Update – September 15, 2021: 

On August 13, 2021, the US Food and Drug Administration (FDA) approved Belzutifan [pronounced bell-ZOO-ti-fan] (Welireg) for the treatment of renal cell carcinoma (RCC), pancreatic neuroendocrine tumors (pNET) and hemangioblastomas (HB) in adult VHL patients. The medication is likely to be available for prescription in September 2021.


How do you take it and what are the possible side effects?

  • Belzutifan is an oral HIF2alpha inhibitor drug that is taken once a day, every day.
  • The daily dose is 120 mg (three pills of 40 mg each) taken on an empty stomach (one hour before eating or three hours after a meal) approximately the same time every day.
  • Belzutifan is generally well tolerated. The most frequent side effect is mild or moderate anemia (low red cells, hematocrit and hemoglobin), which may cause some fatigue or headaches. One out of five patients may develop mild joint and/or muscle aches, stomach upset and/or diarrhea.
  • The effect of belzutifan on male or female fertility is NOT known. Pregnant women should not receive it. Until more information is available, patients interested in having children may consider sperm or egg banking.
  • Future clinical studies will clarify what is the optimal time to start and possibly stop treatment with belzutifan to maximize the effect of the medication in treating VHL-related tumors.

What impact does it have on VHL-related tumors?

  • In a multi-site phase 2 clinical trial, belzutifan reduced the size of 30% of pNETs, 40% of RCC and 60% of HBs (known as a partial response)
  • Complete disappearance of the tumor (called complete response) is very rare.
  • Importantly, the drug stopped tumor progression in almost 90% of VHL patients over the 3 years of study duration.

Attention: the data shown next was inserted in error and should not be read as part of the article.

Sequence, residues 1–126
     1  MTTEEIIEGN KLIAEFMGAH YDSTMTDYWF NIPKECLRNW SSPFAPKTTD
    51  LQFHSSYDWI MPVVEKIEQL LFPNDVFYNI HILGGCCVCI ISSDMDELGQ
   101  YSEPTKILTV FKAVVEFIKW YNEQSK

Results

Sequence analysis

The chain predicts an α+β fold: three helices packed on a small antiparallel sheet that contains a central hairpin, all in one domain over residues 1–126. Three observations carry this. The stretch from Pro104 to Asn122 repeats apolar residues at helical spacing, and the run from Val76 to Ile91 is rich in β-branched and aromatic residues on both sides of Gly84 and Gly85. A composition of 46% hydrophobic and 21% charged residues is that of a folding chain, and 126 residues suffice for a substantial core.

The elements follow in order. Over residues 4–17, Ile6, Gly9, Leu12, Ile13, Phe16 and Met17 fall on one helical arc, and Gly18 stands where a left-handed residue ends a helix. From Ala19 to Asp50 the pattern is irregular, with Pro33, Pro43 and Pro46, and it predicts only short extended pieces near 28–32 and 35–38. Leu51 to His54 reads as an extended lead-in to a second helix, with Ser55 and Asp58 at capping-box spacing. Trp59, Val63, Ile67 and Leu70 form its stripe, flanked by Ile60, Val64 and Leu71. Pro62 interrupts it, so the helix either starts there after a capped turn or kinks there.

• Both the solid part and the cystic part of the tumors shrunk with treatment
  • It may take several months of treatment (4-6 or more) for belzutifan to start shrinking a tumor. For this reason, it may not be appropriate to treat patients who need immediate surgery with belzutifan.
  • We do not know what is the optimal duration of the treatment with Belzutifan
  • Belzutifan does not “cure” VHL disease, it only treats the specific tumors for which it was approved for.
  • We do NOT know the effect or role of belzutifan in preventing tumor formation and future studies should address the values of the drug in prevention.

What should patients do if they want to find out more about belzutifan and if it’s right for them?

  • VHL patients should discuss whether or not they should be treated with this medication and how (should they start treatment when drug is available or later, what is the end goal, etc) with their personal physicians. It is extremely important to note that patients who wish to go on belzutifan should be fully up-to-date on their scans and surveillance. We encourage VHL patients and their physicians to talk to VHL expert physicians at the designated VHL Clinical Care Centers (CCC). A list of CCCs and contact information can be found at vhl.org/ccc

Useful Links


The VHL Alliance will continue to update the community as more information becomes available. More information about VHL-related clinical trials can be found at:vhl.org/Clinical-Trials.